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  1. #1
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    My weight loss reward a new Seven

    First a little backstory. At the beginning of the year I made a deal with my wife that if I could drop 40 lbs (230 to 190) and maintain it for a year I could get any brand new bike I want. This morning I weigh 223.8 and my progress is slower then I wanted. I know I am not buying anything for over a year but I am kind of crazy and I want to start planning the bike now!

    I have two reasons why I am posting on here first I want to get peoples opinions on what bike they would recommend for me. Secondly I want to use post my progress overtime and use this to keep my motivation up!

    I consider myself of an "endurance" rider. Currently my longest is 100mi but my goal is to keep increasing my lengths and RAIN is a goal for me with in the next two years. The only race I will do with this bike is Race the Lake which is a 90mi race around Lake Winnebago. Otherwise my rides are for exercise (either solo or with my wife) and weekend tours such as the Door County Century.

    Today I ride Cannondale Carbon Synapse with handbuilt wheels. The 3 Seven bikes at the top of my list are the 622 SLX, Axiom SLX & Axiom SL but I don't know what the best is for me. It gets even harder to decide since I know Seven can customize all of them to ride how I want.

    I know the 622 is more of a race bike but it has to be the best looking bike EVER and that is the reason I want it. The weight savings is nice but not a requirement. The only reason I would consider the Axiom SLX over SL is the weight though but I am concerned that Seven would need to beef up the SLX for me and I would be paying a lot extra for nothing really. I do feel like the Axioms are more bombproof than 622 SLX which is a plus to the Axiom.

    The other big decision I have up from is rim brakes vs disc brakes. I am personally not sold on disc brakes on a road bike yet but I would really like other peoples opinions. I am struggling to decide between another aluminum handbuilt wheel set or a set of ENVE SES 3.4. I feel if I go with ENVE's I would need disc brakes since I have been told rim brakes stink with carbon fiber rims.

    The groupset will be Dura-Ace or RED but I want to see the new SRAM 22 before I get excited about either groupset.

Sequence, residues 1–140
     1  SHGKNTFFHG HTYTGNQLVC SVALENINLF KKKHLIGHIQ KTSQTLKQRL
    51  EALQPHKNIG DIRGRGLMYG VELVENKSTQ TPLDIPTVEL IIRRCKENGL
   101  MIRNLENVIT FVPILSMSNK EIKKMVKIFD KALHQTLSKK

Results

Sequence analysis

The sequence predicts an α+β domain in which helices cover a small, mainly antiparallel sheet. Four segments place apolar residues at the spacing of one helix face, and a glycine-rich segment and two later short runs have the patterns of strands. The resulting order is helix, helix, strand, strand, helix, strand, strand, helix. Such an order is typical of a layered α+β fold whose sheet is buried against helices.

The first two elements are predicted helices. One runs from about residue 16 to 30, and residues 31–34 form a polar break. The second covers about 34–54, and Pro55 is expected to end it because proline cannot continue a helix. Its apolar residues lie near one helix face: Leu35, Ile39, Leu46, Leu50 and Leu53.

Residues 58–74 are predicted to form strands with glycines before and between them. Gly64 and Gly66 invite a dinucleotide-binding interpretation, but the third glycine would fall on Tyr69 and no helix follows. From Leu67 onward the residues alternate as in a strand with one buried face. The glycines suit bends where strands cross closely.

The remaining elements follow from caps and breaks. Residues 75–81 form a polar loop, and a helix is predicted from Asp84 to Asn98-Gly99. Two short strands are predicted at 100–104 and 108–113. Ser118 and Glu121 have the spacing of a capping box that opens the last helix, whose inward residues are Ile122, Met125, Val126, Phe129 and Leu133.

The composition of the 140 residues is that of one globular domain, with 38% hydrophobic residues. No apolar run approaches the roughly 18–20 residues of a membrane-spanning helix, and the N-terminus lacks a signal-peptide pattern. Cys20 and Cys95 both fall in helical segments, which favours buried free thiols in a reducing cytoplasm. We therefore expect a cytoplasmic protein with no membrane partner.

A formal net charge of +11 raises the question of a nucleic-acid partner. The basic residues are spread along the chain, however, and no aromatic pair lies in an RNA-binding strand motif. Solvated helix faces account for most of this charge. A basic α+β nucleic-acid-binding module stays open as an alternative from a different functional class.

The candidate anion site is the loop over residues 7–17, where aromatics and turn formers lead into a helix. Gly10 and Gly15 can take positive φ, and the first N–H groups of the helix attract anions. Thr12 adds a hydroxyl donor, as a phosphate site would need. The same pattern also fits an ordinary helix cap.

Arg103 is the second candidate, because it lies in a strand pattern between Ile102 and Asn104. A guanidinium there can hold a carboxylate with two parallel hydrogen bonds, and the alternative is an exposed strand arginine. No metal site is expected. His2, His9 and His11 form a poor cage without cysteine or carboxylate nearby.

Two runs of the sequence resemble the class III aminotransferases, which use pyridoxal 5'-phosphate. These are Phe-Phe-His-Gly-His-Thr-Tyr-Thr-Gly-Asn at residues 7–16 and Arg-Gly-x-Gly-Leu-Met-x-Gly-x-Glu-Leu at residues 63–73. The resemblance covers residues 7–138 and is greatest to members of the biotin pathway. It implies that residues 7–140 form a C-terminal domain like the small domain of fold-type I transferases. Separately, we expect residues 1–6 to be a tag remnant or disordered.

One last little note cost not a high priority for this build I just want the best option for me and my goals. If I can save money all the better but if the 622 SLX is bar none the best bike the extra cost wouldn't bother me.

    I am look forward to hearing eveyones opinions and let me know if you have any questions about my rambling. I will check in often with how the weight loss is coming.

    Thanks,
    Tony

  2. #2
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    Be advised that the Axiom SLX has a weight limit of 200 lbs, the 622 is 240lbs. I have the 622 and it is not really a race bike. Seven can make it suit just about any kind of riding. If you think you will end up near 200 lbs I would stick with the Axiom SL. Even if you went with the SLX they would have to use thicker tubes that would negate any weight savings. Talk to them, you will be sure to get great advice.

    Tim

  3. #3
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    With such a blank slate and so much time to decide I would start looking into other builders as well, even different materials. Stainless is becoming more popular, and has many of the same benefits of Ti, but slightly different (neither better or worse) qualities. Beyond that, there are so many great builders that specialize in either a certain type of construction (lugged, brazed, TIG) or a certain style of bike.

    Looking at what is out there can give you an idea of how you might want to use your bike in the long run. Will you convert it to a commuter in a few years and want to run a front rack? If so, you need to consider that during the design phase. What size tires would you like to run? Do you want a frame pump peg for those long rides in the middle of nowhere? To me, these are the fun things to consider. The builder can nail down the geometry based on your desires, you get to pick the fun stuff. One of the best things about custom bikes is that two bikes can do the same thing effectively while looking and feeling completely different, like the two race ready cross bikes below.





    I find that it is best to tell a trusted builder what you want the bike to do, and let them tell you how best to get there. If will also help you identify quickly which builders fit your style. If you start with a builder that has your aesthetic already it will be easy to trust that you will like the outcome visually. Seven may be the builder for you, but if you also look at builders like Firefly, Mosaic, Spectrum and Kelson (all of whom work in Ti or Ti/Carbon blends) you should come away with a better idea what your ideal bike could be. Talking with all of your potential builders is a great learning experience because you will get a feel for their personalities.